No Comment — March 18, 2011, 2:25 pm

The Justice Department’s Prison Rape Problem

The abuses at Abu Ghraib and Guantánamo, the mistreatment of Private Bradley Manning: cases like these grab headlines around the world. But comparable crimes that occur in civilian prisons in the United States tend to get overlooked and even taken for granted. In an engaging review-essay in the New York Review of Books, David Kaiser and Lovisa Stannow address the issue of sexual abuse in prisons and the shocking failure of the U.S. government to discipline prison guards who mistreat inmates. Consider the plight of a small-time embezzler named Jan Lastocy:

Back in 1998, Jan Lastocy was serving time for attempted embezzlement in a Michigan prison. Her job was working at a warehouse for a nearby men’s prison. She got along well with two of the corrections officers who supervised her, but she thought the third was creepy. “He was always talking about how much power he had,” she said, “how he liked being able to write someone a ticket just for looking at him funny.” Then, one day, he raped her.

Jan wanted to tell someone, but the warden had made it clear that she would always believe an officer’s word over an inmate’s, and didn’t like “troublemakers.” If Jan had gone to the officers she trusted, they would have had to repeat her story to the same warden. Jan was only a few months away from release to a halfway house. She was desperate to get out of prison, to return to her husband and children. So she kept quiet—and the officer raped her again, and again. There were plenty of secluded places in the huge warehouse, behind piles of crates or in the freezer. Three or four times a week he would assault her, from June all the way through December, and the whole time she was too terrified to report the attacks. Later, she would be tormented by guilt for not speaking out, because the same officer went on to rape other women at the prison…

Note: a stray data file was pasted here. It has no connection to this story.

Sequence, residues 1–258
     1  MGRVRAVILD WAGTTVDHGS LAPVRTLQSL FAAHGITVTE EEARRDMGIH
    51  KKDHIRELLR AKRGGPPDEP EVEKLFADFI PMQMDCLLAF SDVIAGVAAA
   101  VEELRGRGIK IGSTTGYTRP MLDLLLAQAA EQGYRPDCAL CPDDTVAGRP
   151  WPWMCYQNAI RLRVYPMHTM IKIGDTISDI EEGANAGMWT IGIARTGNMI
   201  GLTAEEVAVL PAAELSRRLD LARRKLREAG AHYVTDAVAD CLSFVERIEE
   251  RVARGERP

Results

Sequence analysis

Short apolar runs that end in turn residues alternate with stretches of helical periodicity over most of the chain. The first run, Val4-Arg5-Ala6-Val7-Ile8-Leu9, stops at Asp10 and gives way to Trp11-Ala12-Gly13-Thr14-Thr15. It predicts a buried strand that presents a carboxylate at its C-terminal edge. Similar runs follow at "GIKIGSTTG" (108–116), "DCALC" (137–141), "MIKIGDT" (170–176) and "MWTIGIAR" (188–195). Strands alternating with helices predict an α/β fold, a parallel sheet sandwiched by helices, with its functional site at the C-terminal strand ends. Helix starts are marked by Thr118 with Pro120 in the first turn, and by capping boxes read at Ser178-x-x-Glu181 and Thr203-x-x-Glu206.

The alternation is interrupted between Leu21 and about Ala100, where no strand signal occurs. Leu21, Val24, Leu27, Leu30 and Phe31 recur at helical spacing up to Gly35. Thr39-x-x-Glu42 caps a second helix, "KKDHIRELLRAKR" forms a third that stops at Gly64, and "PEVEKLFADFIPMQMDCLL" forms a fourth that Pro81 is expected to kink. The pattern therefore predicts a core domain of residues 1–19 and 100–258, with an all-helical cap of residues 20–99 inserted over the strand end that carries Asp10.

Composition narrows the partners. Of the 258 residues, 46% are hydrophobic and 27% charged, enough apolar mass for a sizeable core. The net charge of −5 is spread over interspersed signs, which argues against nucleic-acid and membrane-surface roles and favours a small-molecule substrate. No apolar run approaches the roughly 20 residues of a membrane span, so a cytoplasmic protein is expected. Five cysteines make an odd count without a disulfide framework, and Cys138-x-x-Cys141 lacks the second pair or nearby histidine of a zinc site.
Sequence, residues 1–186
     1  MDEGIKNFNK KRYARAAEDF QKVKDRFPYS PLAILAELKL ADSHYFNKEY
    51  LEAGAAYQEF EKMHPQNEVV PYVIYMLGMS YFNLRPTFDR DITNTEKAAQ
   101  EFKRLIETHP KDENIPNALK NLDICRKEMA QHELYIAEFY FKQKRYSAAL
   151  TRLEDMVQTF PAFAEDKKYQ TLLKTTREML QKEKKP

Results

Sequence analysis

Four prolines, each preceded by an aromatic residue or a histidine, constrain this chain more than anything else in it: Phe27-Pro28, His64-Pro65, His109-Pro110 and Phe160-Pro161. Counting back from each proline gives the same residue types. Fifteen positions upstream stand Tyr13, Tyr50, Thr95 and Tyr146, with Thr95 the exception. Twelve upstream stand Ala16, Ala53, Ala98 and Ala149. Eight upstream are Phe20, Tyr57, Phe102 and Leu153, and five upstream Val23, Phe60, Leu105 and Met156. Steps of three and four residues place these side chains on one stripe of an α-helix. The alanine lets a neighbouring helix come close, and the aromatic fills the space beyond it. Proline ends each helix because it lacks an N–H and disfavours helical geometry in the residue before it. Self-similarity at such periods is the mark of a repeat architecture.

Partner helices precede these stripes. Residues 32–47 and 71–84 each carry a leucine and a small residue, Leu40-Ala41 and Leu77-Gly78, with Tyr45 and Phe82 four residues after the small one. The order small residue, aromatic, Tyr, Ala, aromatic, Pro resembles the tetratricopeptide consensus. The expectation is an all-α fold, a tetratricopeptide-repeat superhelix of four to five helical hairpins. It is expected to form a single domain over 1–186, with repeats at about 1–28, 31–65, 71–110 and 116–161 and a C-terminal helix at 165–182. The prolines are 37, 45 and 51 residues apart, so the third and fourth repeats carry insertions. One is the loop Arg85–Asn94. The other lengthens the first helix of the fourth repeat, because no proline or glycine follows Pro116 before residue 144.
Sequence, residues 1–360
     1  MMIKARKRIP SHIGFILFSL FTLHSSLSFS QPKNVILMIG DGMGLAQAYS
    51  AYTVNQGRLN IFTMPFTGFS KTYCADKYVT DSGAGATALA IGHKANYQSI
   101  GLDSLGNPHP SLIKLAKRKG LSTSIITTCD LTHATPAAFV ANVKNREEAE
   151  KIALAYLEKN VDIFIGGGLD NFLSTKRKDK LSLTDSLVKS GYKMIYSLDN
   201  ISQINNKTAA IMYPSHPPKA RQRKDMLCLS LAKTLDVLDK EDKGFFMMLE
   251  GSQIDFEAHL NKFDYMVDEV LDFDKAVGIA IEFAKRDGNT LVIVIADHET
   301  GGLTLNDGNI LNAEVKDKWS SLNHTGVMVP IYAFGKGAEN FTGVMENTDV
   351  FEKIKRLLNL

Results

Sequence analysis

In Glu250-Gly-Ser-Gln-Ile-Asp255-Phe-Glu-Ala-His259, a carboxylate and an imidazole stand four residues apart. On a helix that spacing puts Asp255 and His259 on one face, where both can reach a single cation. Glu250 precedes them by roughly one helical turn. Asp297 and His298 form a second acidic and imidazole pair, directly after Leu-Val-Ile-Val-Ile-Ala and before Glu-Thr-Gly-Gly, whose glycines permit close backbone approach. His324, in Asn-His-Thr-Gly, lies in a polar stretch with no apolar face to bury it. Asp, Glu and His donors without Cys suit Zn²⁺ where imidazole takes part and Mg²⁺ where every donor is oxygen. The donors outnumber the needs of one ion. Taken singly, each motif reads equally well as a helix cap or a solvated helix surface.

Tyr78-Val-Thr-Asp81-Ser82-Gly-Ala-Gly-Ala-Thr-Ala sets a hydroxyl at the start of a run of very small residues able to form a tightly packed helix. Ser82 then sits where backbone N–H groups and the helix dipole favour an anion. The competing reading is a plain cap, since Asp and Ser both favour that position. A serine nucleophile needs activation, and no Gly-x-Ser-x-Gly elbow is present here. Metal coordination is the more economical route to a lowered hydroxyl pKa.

For all these reasons, a large majority of inmates who have been sexually abused by staff or by other inmates never report it. And corrections officials, with some brave exceptions, have historically taken advantage of this reluctance to downplay or even deny the problem. According to a recent report by the Bureau of Justice Statistics (BJS), a branch of the Department of Justice, there were only 7,444 official allegations of sexual abuse in detention in 2008, and of those, only 931 were substantiated. These are absurdly low figures. But perhaps more shocking is that even when authorities confirmed that corrections staff had sexually abused inmates in their care, only 42 percent of those officers had their cases referred to prosecution; only 23 percent were arrested, and only 3 percent charged, indicted, or convicted. Fifteen percent were actually allowed to keep their jobs.